The offensive success seemed to spur further intensity on the defensive end, where he actually turned it up a notch, wreaking havoc all over the court. This could have been the most complete and impactful performance of the camp, if more than a handful of scouts had actually seen it. So it will be interesting to find out if Strawberry was able to help his stock here, because he didn’t show anything we hadn’t already seen in the first two games.
But in case you’re a GM and you missed it, Strawberry has the potential to bring a lot to the table as a roleplayer in the NBA. He isn’t a natural point guard, and has struggled whenever he was asked to run the show at Maryland. That didn’t change here, but he does have some appeal as a secondary ball-handler off the bench. He has the athleticism and court sense to push the tempo in the open court, and only starts to struggle when forced to slow down and make team-running decisions. And on the other end, he most certainly can defend point guards. At a solidly built 6’4, Strawberry has what it takes to be a pest. His shooting and all-around scoring has always been the knock, so if Strawberry can repeat his game three showing in a workout or two, he might end up hearing his name called on draft night.
Day 3 of the pre-draft camp is usually a non-event – the holdout observers counted themselves lucky to catch one breakthrough performance in the early game, and the dozen of scouts not drooling over Oden and Durant at the other end of the gym caught another one from D.J. Strawberry. Strawberry’s defensive prowess has been undeniable all week, but today he finally put together a noteworthy offensive performance. The defense was everywhere – he stopped ball movement in its tracks, disrupted the passing lanes, and took charges. He is a point guard’s worst nightmare, physical and athletic enough to pester plenty of NBA-caliber point guards.
But we already knew this. What we didn’t know is that Strawberry’s jumper appears to have improved significantly. There was nothing beyond the arc, but he poured in 13 points on 5-7 shooting, mostly on midrange jumpers. Several were contested, and he actually showed a bit of touch. This is a new development for Strawberry, in that he actually looked comfortable letting loose from the perimeter. It remains to be seen if this showing will get Strawberry drafted. Most scouts don’t appear to like him, and even more missed what was one of the more significant showings of the entire event. Strawberry can do a little of everything, and has the kind of role-player character to stick in the NBA. But first, he will have to prove that his game 3 shooting exhibition wasn’t a fluke.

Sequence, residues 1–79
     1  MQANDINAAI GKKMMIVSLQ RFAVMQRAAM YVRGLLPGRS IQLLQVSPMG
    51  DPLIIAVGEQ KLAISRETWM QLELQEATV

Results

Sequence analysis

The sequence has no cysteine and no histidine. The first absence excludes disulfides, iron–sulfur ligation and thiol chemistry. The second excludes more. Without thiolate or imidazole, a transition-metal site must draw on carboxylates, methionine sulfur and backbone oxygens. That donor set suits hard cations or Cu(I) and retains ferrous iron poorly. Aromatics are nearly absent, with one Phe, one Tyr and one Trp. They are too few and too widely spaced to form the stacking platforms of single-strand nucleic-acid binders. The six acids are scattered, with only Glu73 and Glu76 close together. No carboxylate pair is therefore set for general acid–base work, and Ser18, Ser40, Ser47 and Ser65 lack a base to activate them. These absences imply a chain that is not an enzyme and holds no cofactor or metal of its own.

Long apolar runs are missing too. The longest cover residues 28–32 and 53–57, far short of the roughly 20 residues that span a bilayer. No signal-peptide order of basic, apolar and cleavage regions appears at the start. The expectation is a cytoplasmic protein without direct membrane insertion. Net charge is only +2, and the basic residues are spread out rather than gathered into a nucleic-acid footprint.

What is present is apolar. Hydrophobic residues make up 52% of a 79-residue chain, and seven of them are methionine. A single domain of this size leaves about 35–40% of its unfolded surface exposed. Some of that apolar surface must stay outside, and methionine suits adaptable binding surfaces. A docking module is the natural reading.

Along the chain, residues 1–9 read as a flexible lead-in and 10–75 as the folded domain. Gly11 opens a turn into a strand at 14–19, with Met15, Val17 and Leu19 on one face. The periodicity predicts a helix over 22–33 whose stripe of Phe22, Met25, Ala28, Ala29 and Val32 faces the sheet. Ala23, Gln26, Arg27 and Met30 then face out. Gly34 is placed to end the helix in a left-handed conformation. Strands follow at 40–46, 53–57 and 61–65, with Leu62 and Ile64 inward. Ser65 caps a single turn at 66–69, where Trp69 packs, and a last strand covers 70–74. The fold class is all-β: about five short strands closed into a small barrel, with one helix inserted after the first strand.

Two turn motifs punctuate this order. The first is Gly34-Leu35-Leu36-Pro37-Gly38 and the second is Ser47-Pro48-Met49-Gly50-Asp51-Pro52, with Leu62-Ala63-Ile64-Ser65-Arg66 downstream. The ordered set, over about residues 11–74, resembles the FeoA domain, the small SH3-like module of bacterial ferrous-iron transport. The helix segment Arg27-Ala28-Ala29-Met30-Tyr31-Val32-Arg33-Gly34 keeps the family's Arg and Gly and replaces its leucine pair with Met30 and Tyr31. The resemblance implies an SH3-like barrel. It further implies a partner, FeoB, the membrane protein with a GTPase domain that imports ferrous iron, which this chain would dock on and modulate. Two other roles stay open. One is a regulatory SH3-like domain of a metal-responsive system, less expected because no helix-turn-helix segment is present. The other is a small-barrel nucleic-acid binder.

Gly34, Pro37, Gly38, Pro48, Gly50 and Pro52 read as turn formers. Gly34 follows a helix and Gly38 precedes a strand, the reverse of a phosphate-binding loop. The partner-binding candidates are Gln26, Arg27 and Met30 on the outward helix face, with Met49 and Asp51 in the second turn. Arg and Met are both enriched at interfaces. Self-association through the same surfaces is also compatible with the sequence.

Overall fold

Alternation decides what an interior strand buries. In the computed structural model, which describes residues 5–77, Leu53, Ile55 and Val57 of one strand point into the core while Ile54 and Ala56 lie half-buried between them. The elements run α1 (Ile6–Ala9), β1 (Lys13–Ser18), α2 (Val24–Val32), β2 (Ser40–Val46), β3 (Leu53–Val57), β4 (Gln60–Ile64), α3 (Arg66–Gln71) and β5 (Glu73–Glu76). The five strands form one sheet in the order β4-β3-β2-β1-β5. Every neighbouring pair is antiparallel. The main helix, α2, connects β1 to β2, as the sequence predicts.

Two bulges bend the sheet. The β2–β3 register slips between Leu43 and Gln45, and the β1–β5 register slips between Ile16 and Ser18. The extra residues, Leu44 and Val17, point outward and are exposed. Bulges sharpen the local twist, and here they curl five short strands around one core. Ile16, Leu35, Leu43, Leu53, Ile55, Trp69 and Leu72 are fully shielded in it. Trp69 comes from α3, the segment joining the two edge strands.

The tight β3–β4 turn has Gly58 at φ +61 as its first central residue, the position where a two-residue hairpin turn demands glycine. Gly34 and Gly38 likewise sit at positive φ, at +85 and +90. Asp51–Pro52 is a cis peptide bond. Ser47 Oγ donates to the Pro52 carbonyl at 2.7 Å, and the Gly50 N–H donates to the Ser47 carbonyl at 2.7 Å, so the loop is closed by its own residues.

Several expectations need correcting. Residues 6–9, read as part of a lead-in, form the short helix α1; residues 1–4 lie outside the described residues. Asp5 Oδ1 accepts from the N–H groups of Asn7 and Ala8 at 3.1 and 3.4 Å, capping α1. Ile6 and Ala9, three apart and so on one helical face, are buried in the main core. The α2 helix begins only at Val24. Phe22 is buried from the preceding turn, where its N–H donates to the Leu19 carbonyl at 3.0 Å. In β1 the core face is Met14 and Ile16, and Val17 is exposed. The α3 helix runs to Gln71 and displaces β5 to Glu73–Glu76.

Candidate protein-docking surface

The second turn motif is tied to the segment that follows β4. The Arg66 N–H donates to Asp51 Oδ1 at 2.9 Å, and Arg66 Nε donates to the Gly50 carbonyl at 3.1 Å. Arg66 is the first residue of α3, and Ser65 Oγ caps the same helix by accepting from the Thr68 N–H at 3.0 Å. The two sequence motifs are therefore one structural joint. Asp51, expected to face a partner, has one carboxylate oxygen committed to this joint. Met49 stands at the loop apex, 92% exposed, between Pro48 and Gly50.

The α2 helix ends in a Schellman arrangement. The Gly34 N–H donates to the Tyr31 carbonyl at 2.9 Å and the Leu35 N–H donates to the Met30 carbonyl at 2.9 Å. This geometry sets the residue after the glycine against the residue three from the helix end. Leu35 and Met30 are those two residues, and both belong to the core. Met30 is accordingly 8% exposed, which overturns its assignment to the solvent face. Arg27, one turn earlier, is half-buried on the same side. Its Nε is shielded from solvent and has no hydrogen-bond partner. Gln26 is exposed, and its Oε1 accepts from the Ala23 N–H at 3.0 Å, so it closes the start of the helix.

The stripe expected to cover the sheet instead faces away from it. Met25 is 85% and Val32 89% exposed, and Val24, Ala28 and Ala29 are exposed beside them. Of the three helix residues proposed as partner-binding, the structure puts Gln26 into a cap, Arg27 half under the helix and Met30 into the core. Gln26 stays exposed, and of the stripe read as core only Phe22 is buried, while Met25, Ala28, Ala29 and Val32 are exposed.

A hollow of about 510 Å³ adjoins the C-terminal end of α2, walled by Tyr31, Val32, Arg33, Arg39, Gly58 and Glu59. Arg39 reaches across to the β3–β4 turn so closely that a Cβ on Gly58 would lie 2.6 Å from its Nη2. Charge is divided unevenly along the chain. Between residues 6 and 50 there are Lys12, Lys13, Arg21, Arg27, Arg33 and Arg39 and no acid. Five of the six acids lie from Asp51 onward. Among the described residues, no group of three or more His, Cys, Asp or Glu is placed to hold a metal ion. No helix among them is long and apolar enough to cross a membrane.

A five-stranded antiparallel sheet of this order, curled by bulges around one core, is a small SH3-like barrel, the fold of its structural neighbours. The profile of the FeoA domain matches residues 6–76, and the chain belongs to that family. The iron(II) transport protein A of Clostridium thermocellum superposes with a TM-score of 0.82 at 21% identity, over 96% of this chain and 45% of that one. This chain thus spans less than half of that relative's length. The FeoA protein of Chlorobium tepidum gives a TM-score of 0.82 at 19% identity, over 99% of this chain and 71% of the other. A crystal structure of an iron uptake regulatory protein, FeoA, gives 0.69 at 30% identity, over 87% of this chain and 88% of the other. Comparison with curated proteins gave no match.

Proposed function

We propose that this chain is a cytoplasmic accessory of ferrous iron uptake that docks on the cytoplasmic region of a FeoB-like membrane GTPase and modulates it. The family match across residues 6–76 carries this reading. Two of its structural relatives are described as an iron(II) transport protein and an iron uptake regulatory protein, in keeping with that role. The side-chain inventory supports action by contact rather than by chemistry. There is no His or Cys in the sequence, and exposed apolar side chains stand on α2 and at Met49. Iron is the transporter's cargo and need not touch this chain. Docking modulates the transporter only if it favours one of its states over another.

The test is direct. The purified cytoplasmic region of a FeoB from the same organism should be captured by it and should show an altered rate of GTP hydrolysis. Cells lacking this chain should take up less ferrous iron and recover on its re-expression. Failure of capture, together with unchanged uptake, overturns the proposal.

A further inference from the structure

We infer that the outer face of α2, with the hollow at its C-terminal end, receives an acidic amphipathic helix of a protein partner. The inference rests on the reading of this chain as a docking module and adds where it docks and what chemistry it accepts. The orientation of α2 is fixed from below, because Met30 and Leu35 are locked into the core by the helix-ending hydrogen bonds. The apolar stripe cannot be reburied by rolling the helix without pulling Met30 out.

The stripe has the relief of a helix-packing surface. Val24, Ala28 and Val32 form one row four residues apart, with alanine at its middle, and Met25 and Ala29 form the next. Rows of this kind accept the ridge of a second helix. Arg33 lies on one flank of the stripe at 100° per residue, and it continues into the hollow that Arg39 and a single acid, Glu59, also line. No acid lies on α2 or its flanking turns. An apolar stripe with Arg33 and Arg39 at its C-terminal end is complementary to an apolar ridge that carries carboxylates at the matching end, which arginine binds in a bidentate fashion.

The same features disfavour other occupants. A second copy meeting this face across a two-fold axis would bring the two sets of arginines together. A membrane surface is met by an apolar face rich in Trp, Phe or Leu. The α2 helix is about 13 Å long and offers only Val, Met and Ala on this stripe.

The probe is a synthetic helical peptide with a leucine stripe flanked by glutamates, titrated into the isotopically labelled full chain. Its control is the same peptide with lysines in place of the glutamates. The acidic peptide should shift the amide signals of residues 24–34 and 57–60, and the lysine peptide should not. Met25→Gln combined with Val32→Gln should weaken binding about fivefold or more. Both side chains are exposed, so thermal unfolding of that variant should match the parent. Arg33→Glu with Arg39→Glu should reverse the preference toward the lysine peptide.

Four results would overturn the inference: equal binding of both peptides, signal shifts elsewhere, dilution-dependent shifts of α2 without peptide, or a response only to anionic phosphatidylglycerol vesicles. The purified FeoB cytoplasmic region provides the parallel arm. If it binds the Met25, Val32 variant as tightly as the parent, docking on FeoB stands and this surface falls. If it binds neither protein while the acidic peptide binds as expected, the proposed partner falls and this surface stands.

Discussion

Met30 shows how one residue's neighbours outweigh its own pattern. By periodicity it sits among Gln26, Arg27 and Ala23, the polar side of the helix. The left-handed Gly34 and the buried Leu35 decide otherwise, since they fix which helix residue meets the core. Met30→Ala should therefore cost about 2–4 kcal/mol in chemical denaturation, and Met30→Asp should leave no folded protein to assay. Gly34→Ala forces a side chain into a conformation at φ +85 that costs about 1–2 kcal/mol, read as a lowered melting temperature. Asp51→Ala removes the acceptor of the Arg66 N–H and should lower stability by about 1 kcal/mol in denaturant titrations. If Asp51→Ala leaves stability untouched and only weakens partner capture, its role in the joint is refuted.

After a strong performance during the pre-draft camp yesterday, Strawberry continued with a good game today. The strong point here comes on the defensive end of the floor, where he was able to lock down whoever he was matched up against for the second day in a row. The combination of athleticism and great fundamentals allow him to create major problems for opposing point and shooting guards. With many defenders, they limit their effectiveness on defense by gambling for steals and creating a numbers advantage for the offensive team. Though Strawberry racks up a good number of steals, he does so using quick hands and anticipation rather than gambling in the passing lanes.
Offensively, Strawberry needs to make some improvements to make the NBA a sure thing. He can hit the mid-range jumper with good accuracy to about 20 feet, and even knocked down a pair of 15 footers off the dribble today. His range does not extend out past 20 feet however, and his form changes once outside the NBA three point line. Inside, Strawberry needs to become stronger with the ball going to the basket, and work on drawing contact once inside the paint. He lost the twice on drives to the hoop today, and didn’t attempt a single free throw during any point in the game.